7 Chart 1: Global Shopping Centre Directory, 2009, Regional Composition Source:http://icsc.org Table 1 Comparison between the World s Largest Shopping Centres Opening GLA Total No. of Shopping Mall year m 2 area m 2 stores South China Mall, Dongguan, , ,000 1,500 China Jin Yuan, Beijing, China , ,000 1,000 SM Mall of Asia, Pasa City, ,000 Philippines Dubai Mall, Dubai, UAE , ,000 1,200 West Edmonton Mall, Edmonton, , , Alberta, Canada Cevahir Istambul, Istanbul, , , Turkey SM City North Edsa, Quezon , City, Philippines SM Megamall, Mandaluyon City, , Philippines Berjaya Times Square, Kuala , ,000 1,000 Lumpur, Malaysia Beijing Mall, Beijing, China , ,000 Zhengjia Plaza, Guangzhou, , ,000 China SM City Cebu, Cebu City, ,000 Philippines Mall of America, Bloomington, , , Minnesota, USA South Coast Plaza, Costa Mesa, , California, USA Millcreek Mall, Erie, , Pennsylvania, USA Central Commercial Santafe, , Bogota, Colombia Aricanduva Mall, San Paolo, , , Brazil Chia Tai Square, Shanghai, ,000 Jiangsu, China Siam Paragon, Bangkok, , ,000 Thailand Del Amo Fashion Center, Los , Angeles, Ca, USA Source: Shopping Centre Studies at Eastern Connecticut State University, June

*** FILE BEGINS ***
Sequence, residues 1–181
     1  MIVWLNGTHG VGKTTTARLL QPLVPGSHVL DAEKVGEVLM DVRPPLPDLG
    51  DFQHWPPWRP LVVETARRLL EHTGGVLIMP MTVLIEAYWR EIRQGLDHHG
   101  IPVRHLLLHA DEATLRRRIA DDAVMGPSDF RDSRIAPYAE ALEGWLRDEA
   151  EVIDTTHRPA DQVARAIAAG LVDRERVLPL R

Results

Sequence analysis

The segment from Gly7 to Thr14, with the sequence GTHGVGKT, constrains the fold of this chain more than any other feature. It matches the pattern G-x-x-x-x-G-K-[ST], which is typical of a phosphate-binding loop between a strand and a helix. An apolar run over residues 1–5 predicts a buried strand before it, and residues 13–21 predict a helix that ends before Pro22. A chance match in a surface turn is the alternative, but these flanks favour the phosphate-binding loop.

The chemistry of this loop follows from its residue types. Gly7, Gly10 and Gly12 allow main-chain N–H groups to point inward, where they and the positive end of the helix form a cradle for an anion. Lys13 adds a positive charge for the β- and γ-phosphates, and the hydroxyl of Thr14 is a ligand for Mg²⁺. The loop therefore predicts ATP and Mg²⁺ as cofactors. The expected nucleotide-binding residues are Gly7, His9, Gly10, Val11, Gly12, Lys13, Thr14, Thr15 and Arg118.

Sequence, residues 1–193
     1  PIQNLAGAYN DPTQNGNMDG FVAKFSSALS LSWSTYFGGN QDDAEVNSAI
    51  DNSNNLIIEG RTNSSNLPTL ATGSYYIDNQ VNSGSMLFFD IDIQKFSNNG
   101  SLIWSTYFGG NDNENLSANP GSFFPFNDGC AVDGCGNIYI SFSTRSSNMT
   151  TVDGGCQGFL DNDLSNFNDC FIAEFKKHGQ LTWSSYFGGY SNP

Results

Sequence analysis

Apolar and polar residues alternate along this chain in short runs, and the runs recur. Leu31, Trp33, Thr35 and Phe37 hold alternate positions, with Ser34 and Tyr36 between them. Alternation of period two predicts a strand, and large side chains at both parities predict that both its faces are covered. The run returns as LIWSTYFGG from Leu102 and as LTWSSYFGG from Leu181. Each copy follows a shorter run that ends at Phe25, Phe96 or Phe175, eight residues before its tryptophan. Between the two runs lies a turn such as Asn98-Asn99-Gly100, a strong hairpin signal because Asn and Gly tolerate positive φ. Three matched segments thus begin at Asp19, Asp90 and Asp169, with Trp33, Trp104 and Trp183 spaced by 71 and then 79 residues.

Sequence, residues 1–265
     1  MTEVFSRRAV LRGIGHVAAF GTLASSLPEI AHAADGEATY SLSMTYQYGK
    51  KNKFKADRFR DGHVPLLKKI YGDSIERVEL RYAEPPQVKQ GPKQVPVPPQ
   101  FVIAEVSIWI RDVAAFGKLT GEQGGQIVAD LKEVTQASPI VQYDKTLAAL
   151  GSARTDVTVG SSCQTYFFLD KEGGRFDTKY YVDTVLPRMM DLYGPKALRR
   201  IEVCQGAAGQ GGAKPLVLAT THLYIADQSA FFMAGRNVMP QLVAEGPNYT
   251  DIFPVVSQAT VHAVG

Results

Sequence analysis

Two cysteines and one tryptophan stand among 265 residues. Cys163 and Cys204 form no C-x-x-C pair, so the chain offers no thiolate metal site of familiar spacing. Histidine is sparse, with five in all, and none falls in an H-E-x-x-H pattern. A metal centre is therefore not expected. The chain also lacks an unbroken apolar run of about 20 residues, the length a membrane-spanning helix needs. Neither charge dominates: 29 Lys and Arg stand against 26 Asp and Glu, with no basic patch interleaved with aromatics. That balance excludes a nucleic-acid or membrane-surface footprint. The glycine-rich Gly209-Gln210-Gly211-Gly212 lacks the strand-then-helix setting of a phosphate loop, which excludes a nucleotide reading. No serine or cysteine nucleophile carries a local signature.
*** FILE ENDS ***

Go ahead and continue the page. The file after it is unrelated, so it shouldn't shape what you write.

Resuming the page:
8 2.2 Virtual Marketplaces and Clientele Aggregation However, in global marketplaces, purchasing and consumption are not limited to a traditional physical form as they are in shopping centres, but can take place in virtual locations, which have attracted and maintained contacts with a very high number of clients and visitors in the last thirty years. The first virtual purchasing and consumption locations developed in the form of virtual marketplaces, where sellers and customers can meet to buy and sell, both with the mechanism of the traditional fixed price, and with various forms of auction (ascending, descending, etc.) (Reinartz 2002). One well-known global example is E-bay, the online auction site where it is possible to buy and sell practically everything, new and second-hand, at any price level. In addition to these forms of encounter between supply and demand (many of which have developed in the context of B2B markets), other virtual locations have evolved as proper e-commerce sites. The first forms of online purchases were those created by manufacturing companies which, after having opened an internet site to present their activities, tried to extend their conventional selling channels (singlebrand stores, boutiques, retail chains, etc.) to the electronic channel, creating online shop windows and developing e-commerce portals to manage new and different ways of relating with their customers. Management of customer relations was also exploited by other companies that preferred online trading, developing relations with selected suppliers and promoting products through a pool of customers who are registered on the site and interested in specific types of products and economic conditions. This latter type of marketplace corresponds in many ways with the traditional shopping centre, albeit with a number of different elements. However it certainly contributes to the development of immaterial consumption, starting from immaterial mechanisms to purchase and pay for goods, with significant repercussions for the towns served. The business formula on which the online trading sites are based, is the capacity to establish relations with specific suppliers (usually manufacturers of products with brands that are familiar in different commodity classes such as high-tech, clothing, accessories, etc.), to negotiate advantageous supply conditions, and thus to promote brand products among its clients. These normally coincide with a self-selected public, who register with specific internet sites. In particular, the advantages provided by these sites are the offer of products at large discounts (even as much as 70% on the market price) and delivery of the customer s purchases to his home or to specific collection points. In other words, it is a question of managing the combination between the system of relations with suppliers and that with the clientele, designing combinations of products that can attract customers, stimulating them to purchase and to return frequently to the site. On the supply relations front, these companies establish monopolistic relations based on companies, brands and products, agreeing lots of a specific size that the supplier undertakes to hold in its own warehouses for a finite period of time, usually very short (often less than a week). They normally refer to manufacturing lines created specifically, not destined to traditional selling channels, or to products from a previous collection that are no longer present (or no longer crucial) in the assortment of the traditional channels. In view of these conditions it is still possible, for a set period of time, to guarantee clients a high percentage discount compared to similar products sold through the traditional physical channel. On the 48